The Bailey's arrived in Gettysburg, Pennsylvania on July 3 and began to set up their Civil War era tents along "the street" of the 42nd Mississippi camp. Set on a hill, in a pasture owned by private citizens, the Confederate camp quickly sprouted lean twos, shebangs, and tents; all making up different "streets" of units trying to closely resemble 1863. The Confederate camps were about a mile from the field where the reenactment was to take place. Across a two lane road was another piece of property, also owned by private citizens, which led to "the battlefield", two sets of bleachers to watch the battles, the Union camp, sutlers, food vendors, a living history camp, and tents for special speakers.
The town of Gettysburg was thick with visitors and reenactors alike. Union and Confederate soldiers in period attire, along with their wives strolled the streets of downtown Gettysburg. The scene was a peaceful Gettysburg in 1863. Abraham Lincoln and Robert E. Lee look alikes posed for pictures as an impersonating General Grant jokingly poked his head into many pictures. In reality Grant was not at Gettysburg, he was fighting a battle in Vicksburg, MS. The Bailey's met up with fellow 19th Texas reenactor and Diana residents Ryan Cobb and Shaina Collier, for the kick-off parade. The Texans, dressed in Civil War attire, waited anxiously for the parade to begin. Unbeknownst to them, there had been a robbery resulting in a car chase through the little town of Gettysburg and the parade had been cancelled. "The town was so crowded with reenactors and visitors. The only clue something was wrong were all the helicopters flying around," Bob recalled. "We heard lots of rumors until finally someone spoke with the police and we were told of what had unfolded earlier in the day." The parade was cancelled but the evening was not a total loss, fireworks over the battlefield were yet to come.
Sitting on a rock wall at the high watermark, the Texans enjoyed the sunset as a light breeze blew cooler temperatures and fireflies lit the battlefield. The night was so peaceful and calm yet, sitting on the battlefield 150 years later watching fireworks illuminate the sky was bittersweet for Bob Bailey. For it was July 3, 1863, 150 years to the day that Bailey's 3rd great grandfather, Calvin F. Bailey was wounded during Pickett's Charge.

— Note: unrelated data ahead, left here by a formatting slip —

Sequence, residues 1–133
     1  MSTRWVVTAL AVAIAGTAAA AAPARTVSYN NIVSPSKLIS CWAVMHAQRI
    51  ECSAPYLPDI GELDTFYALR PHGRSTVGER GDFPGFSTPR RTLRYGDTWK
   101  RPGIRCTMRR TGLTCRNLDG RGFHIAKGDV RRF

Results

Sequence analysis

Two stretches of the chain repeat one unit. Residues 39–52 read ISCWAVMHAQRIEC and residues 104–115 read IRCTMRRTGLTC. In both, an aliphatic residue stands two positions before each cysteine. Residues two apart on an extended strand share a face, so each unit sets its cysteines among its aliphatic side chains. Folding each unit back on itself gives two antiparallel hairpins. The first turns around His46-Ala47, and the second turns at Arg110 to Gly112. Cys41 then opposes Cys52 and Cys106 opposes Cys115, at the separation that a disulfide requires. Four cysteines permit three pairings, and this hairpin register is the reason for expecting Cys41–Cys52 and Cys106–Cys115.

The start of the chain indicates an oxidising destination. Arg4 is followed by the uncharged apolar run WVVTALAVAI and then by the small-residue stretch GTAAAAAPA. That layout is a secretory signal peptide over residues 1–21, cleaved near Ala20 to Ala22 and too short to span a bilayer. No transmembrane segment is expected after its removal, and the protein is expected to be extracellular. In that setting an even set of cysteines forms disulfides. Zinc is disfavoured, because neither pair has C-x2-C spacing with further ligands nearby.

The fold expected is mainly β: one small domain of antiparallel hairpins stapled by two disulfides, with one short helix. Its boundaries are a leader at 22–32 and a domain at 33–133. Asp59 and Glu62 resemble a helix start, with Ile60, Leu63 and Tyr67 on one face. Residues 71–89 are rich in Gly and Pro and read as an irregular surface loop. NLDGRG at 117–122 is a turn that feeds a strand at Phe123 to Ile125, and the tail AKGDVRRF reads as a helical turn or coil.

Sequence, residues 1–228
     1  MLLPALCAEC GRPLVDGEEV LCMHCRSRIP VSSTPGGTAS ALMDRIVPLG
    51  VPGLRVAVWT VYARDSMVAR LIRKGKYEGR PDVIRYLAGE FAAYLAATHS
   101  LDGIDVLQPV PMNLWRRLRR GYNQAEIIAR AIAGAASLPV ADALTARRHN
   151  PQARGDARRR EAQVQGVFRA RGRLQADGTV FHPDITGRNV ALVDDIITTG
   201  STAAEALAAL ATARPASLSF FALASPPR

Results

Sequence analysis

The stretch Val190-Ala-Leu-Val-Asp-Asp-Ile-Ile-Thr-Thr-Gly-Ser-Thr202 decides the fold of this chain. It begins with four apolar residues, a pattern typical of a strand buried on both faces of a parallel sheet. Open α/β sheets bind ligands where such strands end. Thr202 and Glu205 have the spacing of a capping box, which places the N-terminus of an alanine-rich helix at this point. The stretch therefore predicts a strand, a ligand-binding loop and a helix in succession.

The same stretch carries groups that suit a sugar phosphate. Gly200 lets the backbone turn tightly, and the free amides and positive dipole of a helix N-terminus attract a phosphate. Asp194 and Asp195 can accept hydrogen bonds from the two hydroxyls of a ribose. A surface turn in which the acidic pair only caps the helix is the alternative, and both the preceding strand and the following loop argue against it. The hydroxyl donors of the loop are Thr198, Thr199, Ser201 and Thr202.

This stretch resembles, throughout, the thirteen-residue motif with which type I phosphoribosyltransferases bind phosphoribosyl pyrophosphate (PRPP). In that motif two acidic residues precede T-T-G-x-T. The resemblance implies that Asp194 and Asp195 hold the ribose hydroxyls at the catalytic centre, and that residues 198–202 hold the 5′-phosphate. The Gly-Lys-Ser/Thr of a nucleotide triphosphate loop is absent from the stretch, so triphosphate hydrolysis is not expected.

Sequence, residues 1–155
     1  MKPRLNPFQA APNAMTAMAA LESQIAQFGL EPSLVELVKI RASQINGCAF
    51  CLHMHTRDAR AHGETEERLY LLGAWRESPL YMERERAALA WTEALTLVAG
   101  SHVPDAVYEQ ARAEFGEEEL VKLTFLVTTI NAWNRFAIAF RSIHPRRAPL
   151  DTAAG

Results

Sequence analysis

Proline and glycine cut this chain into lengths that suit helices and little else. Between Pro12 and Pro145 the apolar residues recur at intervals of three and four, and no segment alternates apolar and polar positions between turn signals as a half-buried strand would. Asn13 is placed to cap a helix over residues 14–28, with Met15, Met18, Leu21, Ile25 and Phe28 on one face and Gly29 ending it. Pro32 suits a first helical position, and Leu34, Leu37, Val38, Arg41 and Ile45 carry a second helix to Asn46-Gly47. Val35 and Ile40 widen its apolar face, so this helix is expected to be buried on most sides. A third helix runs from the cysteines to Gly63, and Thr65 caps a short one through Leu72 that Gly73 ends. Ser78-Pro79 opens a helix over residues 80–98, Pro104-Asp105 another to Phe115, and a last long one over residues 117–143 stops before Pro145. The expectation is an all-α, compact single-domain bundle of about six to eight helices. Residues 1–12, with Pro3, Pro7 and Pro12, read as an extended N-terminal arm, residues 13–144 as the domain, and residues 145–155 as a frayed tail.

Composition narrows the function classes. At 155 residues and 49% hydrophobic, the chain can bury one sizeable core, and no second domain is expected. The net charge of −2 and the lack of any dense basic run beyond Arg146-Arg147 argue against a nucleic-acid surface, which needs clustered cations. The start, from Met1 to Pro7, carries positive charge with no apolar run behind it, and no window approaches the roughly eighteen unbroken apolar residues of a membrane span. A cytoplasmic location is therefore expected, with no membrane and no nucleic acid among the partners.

The first day of the 150th Gettysburg Anniversary National Civil War Battle Reenactment opened with an evening battle entitled, "Crossroads of Destiny"- The Federal Retreat from Seminary Ridge. Reenacting the July 1,1863 battle in which Confederate troops first outnumbered John Buford's Union Cavalry only to be pushed back. For about an hour, fighting occurred between Confederate Major General Heth and Union Major General Reynolds. The Confederates managed to push the 1st Corps back. Not long before the Confederates penetrated the streets of Gettysburg, Bob Bailey's grandfather, Calvin, fighting with the 55th North Carolina, fought alongside the 2nd, 11th, and 42nd Mississippi Infantry under Joseph Davis, nephew of Confederate President, Jefferson Davis, at the skirmish known as the Railroad Cut. About mid-morning, Davis' men met resistance from companies from New York and Wisconsin only to try to find refuge in an unfinished railroad cut, 15-20 feet deep in the center. When the Union line neared the Confederates its flanks became folded back and it took on the appearance of an inverted V. When the Union men reached the railroad cut, vicious hand-to-hand and bayonet fighting ensued. Several Confederates surrendered while others managed to retreat, Bailey's 55th North Carolinians on the northern end and the 42nd Mississippians on the western end, managed to retreat to fight another day. The Confederate losses were about 500 killed and wounded and over 200 prisoners out of 1,707 engaged.1. While that is the description of day one, the reenactment was obviously very different.
The reenactment began just before 7 pm with an announcer giving a synopsis of day one's battle followed by the singing of the National Anthem. A brief barrage of cannon fire preluded the skirmish. Bob, along with Mary and Walker, fell in the ranks of the 42nd Mississippi (based out of South Central Pennsylvania) under the command of Captain Matthew Vandewater, to honor not just his grandfather, Calvin, but all of the men that engaged in the battle at the Railroad Cut. Bob and Ryan Cobb met and fought alongside Vandewater and Company Lieutenant Todd Wiley while participating in the 150th Battle of the First Manassas, two years ago. Bailey, Cobb, Vandewater, and Wiley had become fast and furious friends. "The men and women of the 42nd have welcomed us in as if we were family," commented Mary Bailey. "It gives me goosebumps to battle alongside the same company my grandfather did," replied Bob. "At first I thought I would be so bored and hate it," commented Kacey Bailey, "but it wasn't boring at all. The 42nd are now my Pennsylvania friends! I can't wait to see them again."